including St. Jude’s Children’s Hospital.
- General Mills introduces Cheerios
- RKO releases “Citizen Kane”
- Walt Disney and RKO release “Dumbo”
Brooks Brothers opens a tailored clothing factory in Brooklyn...
Brooks Brothers opens a tailored clothing factory in Brooklyn and one on Fair Street in Paterson, New Jersey, to manufacture men’s shirts.
Winthrop Holley Brooks sells the company his great-great grandfather founded 128 years earlier to Washington, D. C.-based Julius Garfinckel and Company. John C. Wood is installed as the company’s President and remains so for over 20 years. When asked by The Times upon his retirement what he’d done for the company, he simply replied, “I made it Brooksier.”
- 22nd Amendment ratified setting two-term limits for American Presidents
Gable, among America’s most famous actors of the
Thirties and Forties, insisted upon Brooks Brothers
custom suits because no ready-made suits could fit his
physique: a 44-inch chest and a 32-inch waist.
Thankfully, Brooks ready-made oxford shirts fit him
perfectly, and he bought them by the dozen.
Fitzgerald’s This Side of Paradise is used to resolve a civil suit brought by Brooks Brothers against Brooks Clothing, who opened a rival shop with replica designs. Fitzgerald’s text becomes the decisive factor in proving that when one says “Brooks,” it means Brooks Brothers.
The pink shirt gained widespread popularity and was featured in Vogue in 1949 when Brooks Brothers introduced one just for women—a move motivated by the desire to keep women from depleting the stocks of the boys’ department.
- 22nd Amendment ratified setting two-term limits for American Presidents
- The Today Show debuts on NBC
Senator John F. Kennedy marries Jacqueline Lee Bouvier in a Brooks Brothers suit. The groomsmen receive a timeless gift from the future president: a Brooks Brothers umbrella. Kennedy was known for wearing “Number Two” two-button suit during his presidency, a trim silhouette favored by the youthful Kennedy.
- Chevrolet introduces the Corvette as a concept show car
- Disneyland opens in Anaheim, California
- Grace Kelly marries Prince Rainier of Monaco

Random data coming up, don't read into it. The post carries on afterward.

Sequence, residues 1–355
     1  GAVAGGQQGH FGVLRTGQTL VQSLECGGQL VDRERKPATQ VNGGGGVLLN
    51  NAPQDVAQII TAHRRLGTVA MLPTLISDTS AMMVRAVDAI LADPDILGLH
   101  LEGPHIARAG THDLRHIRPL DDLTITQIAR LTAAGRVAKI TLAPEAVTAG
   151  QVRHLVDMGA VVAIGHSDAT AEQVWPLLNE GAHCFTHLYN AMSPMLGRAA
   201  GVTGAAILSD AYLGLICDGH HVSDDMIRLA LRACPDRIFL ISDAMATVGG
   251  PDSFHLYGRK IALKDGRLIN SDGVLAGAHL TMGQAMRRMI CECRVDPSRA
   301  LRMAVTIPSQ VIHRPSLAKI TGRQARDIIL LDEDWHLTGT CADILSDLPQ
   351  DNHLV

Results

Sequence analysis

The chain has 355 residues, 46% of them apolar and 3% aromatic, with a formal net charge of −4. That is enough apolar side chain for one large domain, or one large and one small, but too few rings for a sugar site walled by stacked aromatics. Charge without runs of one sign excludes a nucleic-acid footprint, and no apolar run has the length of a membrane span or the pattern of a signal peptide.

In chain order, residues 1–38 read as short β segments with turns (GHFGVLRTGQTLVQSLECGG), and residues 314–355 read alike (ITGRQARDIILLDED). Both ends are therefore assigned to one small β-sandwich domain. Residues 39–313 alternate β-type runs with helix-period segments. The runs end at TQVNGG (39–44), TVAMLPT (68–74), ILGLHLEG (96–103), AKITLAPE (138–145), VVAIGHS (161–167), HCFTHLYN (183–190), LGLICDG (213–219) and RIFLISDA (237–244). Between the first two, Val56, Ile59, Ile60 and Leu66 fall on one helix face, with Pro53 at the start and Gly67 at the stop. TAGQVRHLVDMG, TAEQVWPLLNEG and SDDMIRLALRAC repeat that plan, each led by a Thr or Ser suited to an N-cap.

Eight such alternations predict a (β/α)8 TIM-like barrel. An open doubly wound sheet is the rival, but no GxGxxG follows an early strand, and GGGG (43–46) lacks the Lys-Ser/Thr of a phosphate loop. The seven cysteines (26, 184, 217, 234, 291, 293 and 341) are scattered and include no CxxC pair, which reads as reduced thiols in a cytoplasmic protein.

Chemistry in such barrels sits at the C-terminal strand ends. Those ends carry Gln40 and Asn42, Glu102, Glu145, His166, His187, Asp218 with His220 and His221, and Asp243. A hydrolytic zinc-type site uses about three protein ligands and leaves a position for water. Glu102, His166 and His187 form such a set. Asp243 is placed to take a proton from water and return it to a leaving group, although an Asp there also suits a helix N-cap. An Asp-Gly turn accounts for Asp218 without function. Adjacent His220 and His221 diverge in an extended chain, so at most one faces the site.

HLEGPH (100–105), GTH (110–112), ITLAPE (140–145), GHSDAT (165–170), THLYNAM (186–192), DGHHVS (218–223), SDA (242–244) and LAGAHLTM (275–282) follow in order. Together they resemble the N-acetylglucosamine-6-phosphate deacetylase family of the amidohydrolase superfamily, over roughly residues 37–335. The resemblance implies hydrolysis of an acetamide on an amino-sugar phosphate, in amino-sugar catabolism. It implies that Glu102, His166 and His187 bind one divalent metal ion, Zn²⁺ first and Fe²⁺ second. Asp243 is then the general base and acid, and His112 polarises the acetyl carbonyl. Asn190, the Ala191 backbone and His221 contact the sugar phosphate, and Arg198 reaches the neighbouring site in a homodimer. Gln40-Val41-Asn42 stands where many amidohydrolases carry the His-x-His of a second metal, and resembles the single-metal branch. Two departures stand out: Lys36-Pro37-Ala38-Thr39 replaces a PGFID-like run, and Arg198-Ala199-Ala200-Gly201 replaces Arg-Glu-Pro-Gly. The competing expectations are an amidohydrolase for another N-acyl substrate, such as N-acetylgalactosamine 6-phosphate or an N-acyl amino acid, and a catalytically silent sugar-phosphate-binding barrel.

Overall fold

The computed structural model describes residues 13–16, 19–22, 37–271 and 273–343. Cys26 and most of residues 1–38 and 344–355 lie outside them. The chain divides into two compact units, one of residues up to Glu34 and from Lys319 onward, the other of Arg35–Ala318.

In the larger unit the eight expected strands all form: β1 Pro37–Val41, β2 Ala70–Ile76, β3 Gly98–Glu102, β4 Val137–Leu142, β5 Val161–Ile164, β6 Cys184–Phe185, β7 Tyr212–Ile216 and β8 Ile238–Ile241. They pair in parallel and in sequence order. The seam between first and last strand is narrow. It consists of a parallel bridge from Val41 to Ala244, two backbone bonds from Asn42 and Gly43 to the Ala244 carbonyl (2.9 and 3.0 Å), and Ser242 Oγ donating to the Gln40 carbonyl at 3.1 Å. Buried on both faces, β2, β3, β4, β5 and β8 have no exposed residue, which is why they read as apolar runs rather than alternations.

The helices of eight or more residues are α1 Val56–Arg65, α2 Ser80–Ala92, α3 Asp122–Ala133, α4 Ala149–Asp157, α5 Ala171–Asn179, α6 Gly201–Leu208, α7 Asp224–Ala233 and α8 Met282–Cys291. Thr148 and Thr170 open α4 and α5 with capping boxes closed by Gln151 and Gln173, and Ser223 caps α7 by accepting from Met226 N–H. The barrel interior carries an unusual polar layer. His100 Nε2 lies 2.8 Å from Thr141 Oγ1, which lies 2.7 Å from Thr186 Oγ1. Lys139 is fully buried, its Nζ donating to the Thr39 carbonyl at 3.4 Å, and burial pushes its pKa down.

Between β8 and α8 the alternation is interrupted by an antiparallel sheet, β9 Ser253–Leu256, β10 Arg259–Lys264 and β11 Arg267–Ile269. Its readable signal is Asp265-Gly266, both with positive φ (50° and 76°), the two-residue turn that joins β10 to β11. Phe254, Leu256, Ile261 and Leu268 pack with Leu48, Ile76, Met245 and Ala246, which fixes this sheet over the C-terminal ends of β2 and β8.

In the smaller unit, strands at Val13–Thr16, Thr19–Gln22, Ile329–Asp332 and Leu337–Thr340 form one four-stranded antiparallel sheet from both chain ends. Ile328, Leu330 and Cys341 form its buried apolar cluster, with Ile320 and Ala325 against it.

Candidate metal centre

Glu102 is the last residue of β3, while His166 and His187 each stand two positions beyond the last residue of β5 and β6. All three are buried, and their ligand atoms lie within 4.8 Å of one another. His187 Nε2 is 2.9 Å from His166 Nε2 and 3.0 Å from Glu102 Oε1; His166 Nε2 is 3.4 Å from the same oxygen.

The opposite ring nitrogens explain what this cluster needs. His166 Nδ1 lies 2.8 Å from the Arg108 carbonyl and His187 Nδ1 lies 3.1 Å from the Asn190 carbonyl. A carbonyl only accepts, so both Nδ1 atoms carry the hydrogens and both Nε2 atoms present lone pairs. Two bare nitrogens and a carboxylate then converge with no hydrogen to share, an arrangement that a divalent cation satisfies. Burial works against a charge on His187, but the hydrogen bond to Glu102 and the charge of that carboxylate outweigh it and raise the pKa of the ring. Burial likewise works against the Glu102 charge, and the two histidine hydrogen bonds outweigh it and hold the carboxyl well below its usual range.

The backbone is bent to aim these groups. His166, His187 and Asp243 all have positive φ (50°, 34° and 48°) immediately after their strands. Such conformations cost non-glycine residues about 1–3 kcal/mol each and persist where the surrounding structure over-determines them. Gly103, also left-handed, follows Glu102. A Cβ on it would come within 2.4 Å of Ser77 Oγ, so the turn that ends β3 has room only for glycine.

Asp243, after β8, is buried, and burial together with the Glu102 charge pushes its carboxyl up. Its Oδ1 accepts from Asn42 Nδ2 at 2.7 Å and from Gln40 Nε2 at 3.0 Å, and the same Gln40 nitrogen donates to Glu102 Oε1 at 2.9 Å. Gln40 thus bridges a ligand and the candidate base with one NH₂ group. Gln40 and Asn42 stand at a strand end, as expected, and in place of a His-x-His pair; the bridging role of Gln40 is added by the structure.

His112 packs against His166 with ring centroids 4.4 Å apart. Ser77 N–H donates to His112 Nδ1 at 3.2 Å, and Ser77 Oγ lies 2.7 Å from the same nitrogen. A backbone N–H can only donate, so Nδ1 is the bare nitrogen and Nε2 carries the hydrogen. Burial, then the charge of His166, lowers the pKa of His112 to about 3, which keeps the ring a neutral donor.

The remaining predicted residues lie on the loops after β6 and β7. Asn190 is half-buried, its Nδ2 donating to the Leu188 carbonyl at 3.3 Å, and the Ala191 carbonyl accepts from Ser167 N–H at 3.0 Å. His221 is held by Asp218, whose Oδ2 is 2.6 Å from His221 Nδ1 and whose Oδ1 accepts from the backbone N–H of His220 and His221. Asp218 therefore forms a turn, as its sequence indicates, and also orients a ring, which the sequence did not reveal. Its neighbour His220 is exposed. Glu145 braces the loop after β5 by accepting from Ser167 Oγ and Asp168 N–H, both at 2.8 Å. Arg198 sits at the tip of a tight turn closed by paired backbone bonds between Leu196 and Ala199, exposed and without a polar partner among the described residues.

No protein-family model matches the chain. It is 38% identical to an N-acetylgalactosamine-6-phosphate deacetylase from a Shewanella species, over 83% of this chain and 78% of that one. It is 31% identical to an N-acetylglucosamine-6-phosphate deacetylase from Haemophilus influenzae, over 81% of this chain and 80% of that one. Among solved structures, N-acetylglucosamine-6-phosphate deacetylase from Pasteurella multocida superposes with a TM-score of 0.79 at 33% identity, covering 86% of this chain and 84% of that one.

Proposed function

to become Princess Consort
Brooks president John C. Wood discovers a classic when he spies a golfer’s wearing hand-knit “Argyll” socks. He asks a Scottish mill to copy them and Brooks becomes the first American merchant to offer the now-famous hose.
- Dodgers play first game in Los Angeles after moving from Brooklyn
- NASA formed as US government ramps up effort to explore space
- Alaska becomes 49th state
- Hawaii becomes 50th state
- NBC launches “Bonanza” as first drama to be broadcast in color
- JFK elected 34th President of the United States
The BrooksEase Suit makes its first appearance on the American scene. Advanced weaving techniques first developed in Sweden for use in automotive upholstery made this 100% worsted wool cloth stretch in two directions, something that Brooks President John C. Wood believed would make this fabric the foundation for the perfect travel suit.
- ZIP codes announced for whole country
- Martin Luther King, Jr. delivers “I Have a Dream ”
- First push-button phone is offered by Bell Telephone to AT&T customers
- JFK is assassinated in Dallas, Texas
- The Beatles make US TV debut on Ed Sullivan Show
Throughout much of the 20th century, Brooks Brothers enjoyed an exclusive importation agreement with London shoemaker Peal & Company, whose shoes had shod everyone from Lord Wellington to Winston Churchill to Fred Astaire. In 1965, Brooks purchases the company’s lasts, patterns, and name. Another prominent Peal patron was pugilist Jack Dempsey, who preferred the bench-made shoes for his long, slender feet.